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Merlin Patterson
Fanfare, September 2012

Frank Ticheli has established himself as one of the foremost composers of music for wind band. His works are performed with great regularity at both the high school and university levels and he has been the recipient of several prestigious awards and numerous commissions. His three-movement Symphony No. 2 was inspired by various forms of celestial light. The first movement, “Shooting Stars,” will remind many of Stravinsky’s Fireworks. “Dreams Under a New Moon,” the second movement, incorporates some Bernstein-inspired blues influences with chantlike material in a dreamy nocturne, while the finale, “Apollo Unleashed,” contrasts a Bach chorale…with boisterous, Hollywood-derived battle music. The cumulative effect of the work is undeniably exciting in a superficial way.

The Middle Tennessee State Wind Ensemble demonstrates itself to be a highly accomplished group…Ensemble intonation, precision, and balance are excellent, and conductor Reed Thomas delivers convincing interpretations of the four works. This release is part of Naxos’s valuable Wind Band Classics series. © 2012 Fanfare Read complete review

David Denton
David's Review Corner, October 2011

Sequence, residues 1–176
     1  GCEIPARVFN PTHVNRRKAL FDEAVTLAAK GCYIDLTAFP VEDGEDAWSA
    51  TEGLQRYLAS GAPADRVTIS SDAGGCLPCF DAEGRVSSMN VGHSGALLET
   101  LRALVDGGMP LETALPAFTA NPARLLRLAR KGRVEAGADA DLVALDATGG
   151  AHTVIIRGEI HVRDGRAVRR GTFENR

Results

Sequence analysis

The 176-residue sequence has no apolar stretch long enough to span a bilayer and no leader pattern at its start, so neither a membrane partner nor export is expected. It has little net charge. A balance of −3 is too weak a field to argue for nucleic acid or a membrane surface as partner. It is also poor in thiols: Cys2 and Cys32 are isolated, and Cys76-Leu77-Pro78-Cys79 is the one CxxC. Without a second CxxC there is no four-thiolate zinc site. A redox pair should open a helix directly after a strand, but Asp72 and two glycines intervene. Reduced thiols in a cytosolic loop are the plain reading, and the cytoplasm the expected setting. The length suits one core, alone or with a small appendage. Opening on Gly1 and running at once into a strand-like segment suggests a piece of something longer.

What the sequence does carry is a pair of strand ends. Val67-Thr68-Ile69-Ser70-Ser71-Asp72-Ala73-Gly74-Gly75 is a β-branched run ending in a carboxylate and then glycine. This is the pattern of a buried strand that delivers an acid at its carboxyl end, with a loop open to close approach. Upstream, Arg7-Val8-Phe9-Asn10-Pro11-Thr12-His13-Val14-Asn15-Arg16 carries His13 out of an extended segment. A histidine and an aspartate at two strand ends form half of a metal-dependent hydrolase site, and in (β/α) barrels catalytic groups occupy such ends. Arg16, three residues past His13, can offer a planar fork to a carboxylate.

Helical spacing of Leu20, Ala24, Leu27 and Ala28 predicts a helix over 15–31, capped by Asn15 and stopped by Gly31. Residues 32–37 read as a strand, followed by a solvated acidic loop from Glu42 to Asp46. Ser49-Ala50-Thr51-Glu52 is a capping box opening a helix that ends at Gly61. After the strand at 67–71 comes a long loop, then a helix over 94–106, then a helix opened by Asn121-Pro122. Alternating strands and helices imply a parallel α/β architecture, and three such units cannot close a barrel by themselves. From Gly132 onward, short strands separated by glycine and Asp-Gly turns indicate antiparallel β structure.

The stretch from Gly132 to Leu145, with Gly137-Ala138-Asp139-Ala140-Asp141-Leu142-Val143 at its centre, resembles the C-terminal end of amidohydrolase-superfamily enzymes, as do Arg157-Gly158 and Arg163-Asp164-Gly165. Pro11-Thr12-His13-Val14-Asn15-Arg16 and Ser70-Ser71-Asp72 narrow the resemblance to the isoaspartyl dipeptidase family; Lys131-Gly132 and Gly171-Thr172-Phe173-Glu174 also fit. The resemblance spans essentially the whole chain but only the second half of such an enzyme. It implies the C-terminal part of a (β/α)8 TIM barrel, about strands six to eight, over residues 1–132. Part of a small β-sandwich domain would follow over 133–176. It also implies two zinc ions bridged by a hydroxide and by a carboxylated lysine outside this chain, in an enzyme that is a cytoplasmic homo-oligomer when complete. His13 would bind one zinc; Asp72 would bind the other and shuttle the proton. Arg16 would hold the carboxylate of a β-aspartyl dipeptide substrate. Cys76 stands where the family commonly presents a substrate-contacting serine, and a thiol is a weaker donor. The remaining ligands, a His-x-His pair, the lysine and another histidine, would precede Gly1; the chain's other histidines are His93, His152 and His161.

Their former student, Frank Ticheli, and his two mentors, William Bolcom and Leslie Bassett, come together on this highly enjoyable disc of wind band music. Born in 1958, Ticheli is among the most highly regarded younger generation of American composers, having gained much in the art of band compositions from his teachers at the University of Michigan. With a personal style of harmonic language, his Second Symphony completed in 2004 relating to the Stars, Moon and Sun, each of the three movements highly descriptive and needing considerable technical expertise from the performers. Mercurial in the opening Shooting Stars; hard hitting in Dreams under a New Moon and rhythmically demanding in the final Apollo Unleashed. Four years later came Angels in Architecture, a score inspired by the Sydney Opera House and first performed there in 2008. The angel is represented by the solo soprano who makes two short appearances in an extended tone poem where massive outbursts appear like blinding flashes of light. Apart from this quoted Shaker song, we have a Hebrew melody and the well-known Christian hymn on the tune of the Old Hundredth. The aim was to bring together the universal hope of peace and love. Leslie Bassett’s Nonet for winds and piano dates from 1968, its two movements well crafted and immediately likeable. William Bolcom needs no introduction as a father figure among American composers, his First Symphony for Band from 2008 shaped in four short movements that fall easily on the ear, the quirky scherzo a particular delight. There are a few moments of uneasy intonation and split notes as we progress through the disc, but this is a highly talented and impressive student group. Reed Thomas directs and has been involved in the mechanics of a first rate recording.

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